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This article was published in the Sunday Business Post on the 22nd of February 2015
Steve Dempsey: Only a tiny fraction of a website’s users convert to it, but retargeting can help to zero in on the rest of them
Retargeting is one of the smarter ways in which online advertisers can remind consumers that they exist. It can raise conversion rates, whether you’re trying to drive sales or email sign-ups; it can drive brand awareness; it can give brands a sense of online ubiquity; and it can turn online tyre-kickers into customers.
Typically, only 2 per cent of a website’s visitors convert. Retargeting can help bring back the other 98 per cent. Here’s how it works: when someone checks out a site that’s using retargeting, a cookie is stored on their browser. That cookie is then used to let the retargeting provider know when to serve ads on subsequent sites, pushing targeting messages only to people who have previously visited the site that the cookie came from.
Marin Software, a digital ad management platform, recently surveyed more than 200 online marketers to find out what they make of retargeting. The resulting report, snappily entitled “The Performance Marketer’s Retargeting Guide”, gives an interesting snapshot of advertisers’ attitudes to the practice.
Marin found that 88 per cent of those they surveyed were using some form of retargeting to re-engage users that they had failed to convert in their initial visit. However, they also found that retargeting budgets were relatively small. Some 51 per cent of marketers said they spent 10 per cent or less of their monthly marketing budget on retargeting. This money is often carved out of existing marketing spend.
But that may well change. A total of 62 per cent of respondents said they would be increasing their spend in the coming year, with emerging channels like mobile and video retargeting regularly cited. Only 3 per cent of respondents said they’d be spending less on retargeting in the next 12 months.
Display ads accounted for 81 per cent of all retargeting ads according to Marin’s research. Search ranked a close second, at 77 per cent. Social accounted for 48 per cent and mobile brought up the rear, clocking up 32 per cent.
According to Marin, Google has used its position in the market to drive retargeting adoption across its display and search properties. But social channels are fighting back. Marin points to the premium, high-engagement, cross-device inventory that’s become increasingly available on Facebook and Twitter.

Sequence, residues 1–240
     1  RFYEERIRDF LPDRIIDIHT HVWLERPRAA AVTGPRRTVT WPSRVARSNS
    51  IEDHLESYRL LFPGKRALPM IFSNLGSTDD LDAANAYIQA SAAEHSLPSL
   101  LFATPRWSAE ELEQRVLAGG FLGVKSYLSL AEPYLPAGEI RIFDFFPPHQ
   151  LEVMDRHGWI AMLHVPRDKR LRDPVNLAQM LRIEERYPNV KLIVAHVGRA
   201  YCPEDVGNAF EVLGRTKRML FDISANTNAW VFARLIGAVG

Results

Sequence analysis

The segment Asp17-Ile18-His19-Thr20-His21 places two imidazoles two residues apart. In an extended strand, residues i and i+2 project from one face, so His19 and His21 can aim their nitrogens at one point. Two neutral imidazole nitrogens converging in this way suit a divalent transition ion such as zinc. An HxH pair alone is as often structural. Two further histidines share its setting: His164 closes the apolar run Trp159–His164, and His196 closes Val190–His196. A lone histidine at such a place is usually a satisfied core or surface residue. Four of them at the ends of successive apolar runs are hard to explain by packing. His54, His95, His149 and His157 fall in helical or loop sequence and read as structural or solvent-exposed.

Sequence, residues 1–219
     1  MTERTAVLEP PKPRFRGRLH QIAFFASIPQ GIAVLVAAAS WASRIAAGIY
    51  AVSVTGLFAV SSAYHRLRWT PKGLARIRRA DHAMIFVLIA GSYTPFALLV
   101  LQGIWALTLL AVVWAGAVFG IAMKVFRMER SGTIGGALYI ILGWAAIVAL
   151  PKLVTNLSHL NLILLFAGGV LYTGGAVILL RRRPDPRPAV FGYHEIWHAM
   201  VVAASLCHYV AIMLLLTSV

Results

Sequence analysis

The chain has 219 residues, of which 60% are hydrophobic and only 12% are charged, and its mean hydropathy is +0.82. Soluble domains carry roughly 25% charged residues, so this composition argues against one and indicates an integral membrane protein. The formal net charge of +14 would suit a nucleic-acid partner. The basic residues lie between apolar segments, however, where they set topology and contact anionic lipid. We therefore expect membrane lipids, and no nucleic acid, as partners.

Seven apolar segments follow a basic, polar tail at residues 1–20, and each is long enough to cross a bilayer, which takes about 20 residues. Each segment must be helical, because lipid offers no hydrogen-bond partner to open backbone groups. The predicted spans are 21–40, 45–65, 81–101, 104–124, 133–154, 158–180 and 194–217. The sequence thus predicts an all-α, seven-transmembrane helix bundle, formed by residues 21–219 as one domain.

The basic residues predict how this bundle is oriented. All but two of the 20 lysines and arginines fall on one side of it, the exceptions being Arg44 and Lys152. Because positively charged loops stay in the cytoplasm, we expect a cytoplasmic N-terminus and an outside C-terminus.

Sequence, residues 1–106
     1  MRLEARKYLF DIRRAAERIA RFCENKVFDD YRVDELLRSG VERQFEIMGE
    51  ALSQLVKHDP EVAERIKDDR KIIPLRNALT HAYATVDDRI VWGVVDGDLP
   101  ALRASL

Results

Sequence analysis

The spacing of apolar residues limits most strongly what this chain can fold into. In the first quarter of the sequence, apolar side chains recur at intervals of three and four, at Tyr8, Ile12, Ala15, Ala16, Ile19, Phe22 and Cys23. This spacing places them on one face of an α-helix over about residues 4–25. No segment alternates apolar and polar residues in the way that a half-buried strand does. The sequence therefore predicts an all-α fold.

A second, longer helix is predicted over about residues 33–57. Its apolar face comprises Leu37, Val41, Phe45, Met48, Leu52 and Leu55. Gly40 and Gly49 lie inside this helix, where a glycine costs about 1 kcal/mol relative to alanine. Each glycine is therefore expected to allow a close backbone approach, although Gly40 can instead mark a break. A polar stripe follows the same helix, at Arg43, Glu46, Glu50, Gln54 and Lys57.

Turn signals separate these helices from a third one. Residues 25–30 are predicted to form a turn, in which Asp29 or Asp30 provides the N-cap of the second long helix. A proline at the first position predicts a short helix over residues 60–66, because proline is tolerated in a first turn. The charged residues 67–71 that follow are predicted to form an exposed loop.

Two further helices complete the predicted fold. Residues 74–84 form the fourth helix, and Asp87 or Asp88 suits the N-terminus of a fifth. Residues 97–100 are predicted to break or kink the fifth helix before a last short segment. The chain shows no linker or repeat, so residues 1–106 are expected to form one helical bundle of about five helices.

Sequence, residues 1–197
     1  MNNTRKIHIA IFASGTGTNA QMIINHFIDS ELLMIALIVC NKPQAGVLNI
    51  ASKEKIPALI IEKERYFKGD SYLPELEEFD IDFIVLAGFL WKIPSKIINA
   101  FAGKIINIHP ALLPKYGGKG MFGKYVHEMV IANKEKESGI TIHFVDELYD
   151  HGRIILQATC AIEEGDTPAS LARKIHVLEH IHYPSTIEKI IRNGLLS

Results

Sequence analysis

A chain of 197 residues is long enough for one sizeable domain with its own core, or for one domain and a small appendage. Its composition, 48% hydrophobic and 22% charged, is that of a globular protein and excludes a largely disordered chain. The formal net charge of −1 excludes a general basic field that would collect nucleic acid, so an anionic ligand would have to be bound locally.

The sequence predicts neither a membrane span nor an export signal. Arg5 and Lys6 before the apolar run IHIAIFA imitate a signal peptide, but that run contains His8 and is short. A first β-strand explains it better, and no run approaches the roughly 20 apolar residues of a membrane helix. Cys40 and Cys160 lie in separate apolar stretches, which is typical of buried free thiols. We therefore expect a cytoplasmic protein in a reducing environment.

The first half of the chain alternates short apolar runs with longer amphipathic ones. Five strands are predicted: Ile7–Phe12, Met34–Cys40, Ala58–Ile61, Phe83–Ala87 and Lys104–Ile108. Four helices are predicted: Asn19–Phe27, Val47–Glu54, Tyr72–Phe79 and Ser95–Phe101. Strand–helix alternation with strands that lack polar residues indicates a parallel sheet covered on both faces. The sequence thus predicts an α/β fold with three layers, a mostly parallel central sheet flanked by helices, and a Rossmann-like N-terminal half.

AdRoll, a retargeting firm with offices in Dublin, recently published its own research based on an analysis campaign data from nearly 4,000 European advertisers. It found that 88 per cent of European marketers thought retargeting outperformed search. They also earmarked mobile retargeting as the next big thing.
According to AdRoll, 56 per cent of European marketers are retargeting on mobile. This, they said, was on the low side. The reasons marketers gave for not embracing mobile retargeting included brands’ lack of apps, mobile sites and, above all, a poor impression of mobile advertising.
But clearly some marketers are missing a trick. Adroll recently found that marketers which added options for mobile ad sizes to Facebook retargeting campaigns saw an average of 29 per cent more clicks, 15 per cent more conversions and 4 per cent more impressions.
So what do Irish marketers think of retargeting? We’re a little behind the curve, according to Shane Murphy, AdRoll’s EMEA marketing director.
“Here in Ireland, we generally lag behind when it comes to adopting online tactics compared to our counterparts in Britain and the US,” he said. “Only 57 per cent of Irish companies have invested in online and only 6 per cent of Irish sales are made online. Irish firms need to increase their investment in this area to keep up with a world where the internet is tearing down borders.
“IAB Ireland valued digital advertising spend at €130 million for the first half of 2014, with mobile ad-spend representing 29 per cent of total digital spend, at €37 million. Retargeting is one of the effective tactics businesses can deploy to see a return on that investment.
What tips and tricks can Murphy offer brands that want to get going with retargeting? “Frequency capping is an important part of any campaign,” he said.
“We recommend that all brands implement a frequency cap which limits the number of times any individual consumer sees your ad. Similarly, duration limits are an important way to ensure your ad conversion rate remains high. The beauty of retargeting is that your campaigns start to target customers when they are at their most likely to convert. Finally, compelling creative and copy are absolutely critical to drive conversions.”
So, while retargeting is an excellent online option, it’s worth remembering that advertising fundamentals still apply. Behind all the digital terminology and technological jiggery-pokery, it’s still the creative execution that has to do the heavy lifting and capture the imagination and interest of the consumer.